# Steam-Out Nozzle Sizing

Hi guys, hope everyone is safe and healthy during these troubled times!

I’ve been doing something and need a sanity check. The subject is nozzle sizing for the steam-out of a storage tank.

Yes yes yes, I know. Ideally for a steam-out the vessel would be sized for full vacuum. I very much agree with this.

Unfortunately for me and for my future nightly sleeps, this time they will be atmospheric tanks without a full vacuum capability. The tanks are all new and me and my company are also responsible to produce their datasheets, so we do have some freedom of design. The tanks are small-ish (the biggest one has 70m3 nominal) and will be made of stainless steel. Due to the size, the tanks are mostly off-standard, but are based on a local Brazilian standard. We are defining the design pressure and design vacuum of the tanks and the fabricator will need to comply with our requirements.

Anyway, I’ve defined the following premises and simplifying hypothesis:

1. Steam @ 1 atm inside the tank, saturated;
2. Minimum external temperature;
3. Sudden rain with enough “strength” to keep the tank’s wall equal to the external temperature;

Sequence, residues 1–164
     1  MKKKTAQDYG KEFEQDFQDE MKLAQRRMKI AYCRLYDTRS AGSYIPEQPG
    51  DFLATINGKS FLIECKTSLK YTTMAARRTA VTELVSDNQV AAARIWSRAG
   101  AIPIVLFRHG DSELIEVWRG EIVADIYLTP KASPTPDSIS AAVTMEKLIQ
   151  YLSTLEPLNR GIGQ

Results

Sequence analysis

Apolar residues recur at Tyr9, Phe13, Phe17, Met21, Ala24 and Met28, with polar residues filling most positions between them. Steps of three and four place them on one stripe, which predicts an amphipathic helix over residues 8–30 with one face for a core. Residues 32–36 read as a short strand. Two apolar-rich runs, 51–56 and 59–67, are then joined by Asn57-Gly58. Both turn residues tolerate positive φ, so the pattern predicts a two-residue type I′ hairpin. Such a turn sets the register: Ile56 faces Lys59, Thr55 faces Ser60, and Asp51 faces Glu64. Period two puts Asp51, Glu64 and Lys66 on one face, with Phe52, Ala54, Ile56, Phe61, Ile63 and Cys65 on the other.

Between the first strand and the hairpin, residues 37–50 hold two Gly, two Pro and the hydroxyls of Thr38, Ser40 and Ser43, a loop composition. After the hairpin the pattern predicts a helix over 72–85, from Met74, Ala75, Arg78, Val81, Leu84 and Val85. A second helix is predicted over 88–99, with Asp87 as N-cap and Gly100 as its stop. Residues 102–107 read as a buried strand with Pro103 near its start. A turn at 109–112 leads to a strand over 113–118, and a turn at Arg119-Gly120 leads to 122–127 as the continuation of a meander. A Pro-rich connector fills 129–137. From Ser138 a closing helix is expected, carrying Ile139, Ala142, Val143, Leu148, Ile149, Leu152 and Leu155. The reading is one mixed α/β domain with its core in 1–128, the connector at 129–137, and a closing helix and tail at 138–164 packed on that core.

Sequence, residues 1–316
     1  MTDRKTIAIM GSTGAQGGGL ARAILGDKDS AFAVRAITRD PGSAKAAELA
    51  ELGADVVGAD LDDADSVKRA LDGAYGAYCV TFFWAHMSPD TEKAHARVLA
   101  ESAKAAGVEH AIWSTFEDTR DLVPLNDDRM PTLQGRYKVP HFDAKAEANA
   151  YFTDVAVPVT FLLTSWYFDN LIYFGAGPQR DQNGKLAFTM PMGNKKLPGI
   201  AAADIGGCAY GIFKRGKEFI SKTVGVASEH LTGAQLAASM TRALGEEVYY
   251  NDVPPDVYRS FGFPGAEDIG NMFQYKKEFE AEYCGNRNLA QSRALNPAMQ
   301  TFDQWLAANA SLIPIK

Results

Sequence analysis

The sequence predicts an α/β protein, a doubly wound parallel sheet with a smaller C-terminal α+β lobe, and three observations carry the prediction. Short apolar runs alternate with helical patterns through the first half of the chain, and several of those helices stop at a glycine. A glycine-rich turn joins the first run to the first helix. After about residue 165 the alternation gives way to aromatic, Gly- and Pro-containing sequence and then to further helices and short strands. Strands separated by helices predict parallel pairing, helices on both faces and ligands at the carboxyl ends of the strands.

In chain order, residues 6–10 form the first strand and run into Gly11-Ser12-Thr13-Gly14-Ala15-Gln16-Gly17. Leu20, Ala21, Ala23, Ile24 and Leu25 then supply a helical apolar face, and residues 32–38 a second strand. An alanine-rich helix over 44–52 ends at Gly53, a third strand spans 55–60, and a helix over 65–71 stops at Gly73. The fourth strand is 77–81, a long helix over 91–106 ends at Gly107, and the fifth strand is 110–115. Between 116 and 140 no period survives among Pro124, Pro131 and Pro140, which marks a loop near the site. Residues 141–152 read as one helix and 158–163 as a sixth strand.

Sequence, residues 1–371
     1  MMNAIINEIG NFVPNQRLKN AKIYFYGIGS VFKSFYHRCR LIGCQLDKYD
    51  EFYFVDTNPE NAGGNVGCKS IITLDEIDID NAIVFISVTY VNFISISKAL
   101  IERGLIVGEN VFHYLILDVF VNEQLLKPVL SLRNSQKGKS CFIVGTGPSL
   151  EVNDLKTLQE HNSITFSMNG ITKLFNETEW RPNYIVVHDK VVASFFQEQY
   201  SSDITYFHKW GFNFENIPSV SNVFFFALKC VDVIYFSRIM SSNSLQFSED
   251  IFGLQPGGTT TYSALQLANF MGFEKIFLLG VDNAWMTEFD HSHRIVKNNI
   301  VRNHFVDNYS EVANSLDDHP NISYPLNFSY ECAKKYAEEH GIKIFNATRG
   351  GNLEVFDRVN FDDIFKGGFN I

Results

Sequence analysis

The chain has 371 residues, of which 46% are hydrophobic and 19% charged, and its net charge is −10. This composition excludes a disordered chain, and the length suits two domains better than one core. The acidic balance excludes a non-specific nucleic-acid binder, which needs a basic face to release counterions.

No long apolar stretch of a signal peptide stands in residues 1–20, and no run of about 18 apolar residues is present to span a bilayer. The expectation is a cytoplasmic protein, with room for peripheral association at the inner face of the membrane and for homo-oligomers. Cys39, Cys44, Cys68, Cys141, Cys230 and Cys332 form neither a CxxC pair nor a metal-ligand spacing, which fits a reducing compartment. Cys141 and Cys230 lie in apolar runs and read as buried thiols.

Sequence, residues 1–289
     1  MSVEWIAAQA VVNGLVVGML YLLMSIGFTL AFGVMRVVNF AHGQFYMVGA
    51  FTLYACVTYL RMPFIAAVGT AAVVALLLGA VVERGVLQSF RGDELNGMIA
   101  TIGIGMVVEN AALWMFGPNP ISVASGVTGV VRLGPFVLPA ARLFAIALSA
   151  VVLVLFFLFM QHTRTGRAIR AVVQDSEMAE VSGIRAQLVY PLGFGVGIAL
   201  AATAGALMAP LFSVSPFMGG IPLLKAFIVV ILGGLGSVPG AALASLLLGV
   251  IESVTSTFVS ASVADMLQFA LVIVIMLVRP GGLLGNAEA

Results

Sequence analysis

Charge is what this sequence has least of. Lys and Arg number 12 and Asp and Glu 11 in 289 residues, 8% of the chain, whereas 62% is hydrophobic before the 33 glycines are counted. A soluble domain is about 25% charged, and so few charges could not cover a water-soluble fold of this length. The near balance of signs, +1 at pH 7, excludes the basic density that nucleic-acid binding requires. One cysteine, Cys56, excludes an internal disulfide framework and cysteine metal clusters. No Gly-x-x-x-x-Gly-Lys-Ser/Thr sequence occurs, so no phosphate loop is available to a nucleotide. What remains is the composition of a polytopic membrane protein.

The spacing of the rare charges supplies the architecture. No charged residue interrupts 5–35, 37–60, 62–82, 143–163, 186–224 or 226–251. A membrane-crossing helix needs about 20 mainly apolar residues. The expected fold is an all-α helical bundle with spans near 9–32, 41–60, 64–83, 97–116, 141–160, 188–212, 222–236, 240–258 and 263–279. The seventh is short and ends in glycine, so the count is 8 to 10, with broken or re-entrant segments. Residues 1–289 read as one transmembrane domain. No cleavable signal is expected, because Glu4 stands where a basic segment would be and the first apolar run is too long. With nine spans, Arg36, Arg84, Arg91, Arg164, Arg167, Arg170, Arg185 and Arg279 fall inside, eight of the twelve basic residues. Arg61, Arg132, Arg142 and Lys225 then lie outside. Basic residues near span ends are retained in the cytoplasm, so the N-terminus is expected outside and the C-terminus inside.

4. Tank’s wall computed as a vertical plate with condensation;
5. Tank’s roof convective coefficient same as wall;

So, some of those are conservative, some are not. Minimum external temperature and considering the surface temperature equal to this are the obvious conservative ones. Considering the tank’s roof similarly to the wall is not, at least according to my gut feeling. I have few things to back off this gut feeling, but I failed in finding a very definite correlation to apply here. The gut-feeling indicates that I may have some sort of dropwise condensation here which may greatly increase the rate of condensation.

Main bibliography for my calculation endeavor was Incropera, specifically section 10.7 and 10.8 of the Sixth Edition (Laminar Film Condensation on a Vertical Plate and Turbulent Film Condensation, respectively).

My results were…well, huge. I got 35 kg/s of condensate formation! This is with a whooping h of 10566 W/m2.K.

First though was: Yeah, I definitely made a mistake on a calculation here. Then I checked. Then I checked again. Was unable to find any mistakes!

Anyway, I can post my calculation sheet here if anyone is interested, but I’m choosing in not doing so initially so it doesn’t seem that I want free engineering support

My main issue is not really that though – I know that I will review this calculations a hundred times before I deem it enough. I may try other methods as well, from other books and whatnot. I’ve also stumbled upon the Dukler Theory (found through a post of Latexman on the subject in another forum), but failed in finding the documents detailing the procedure anywhere – would be glad if anyone has it to share.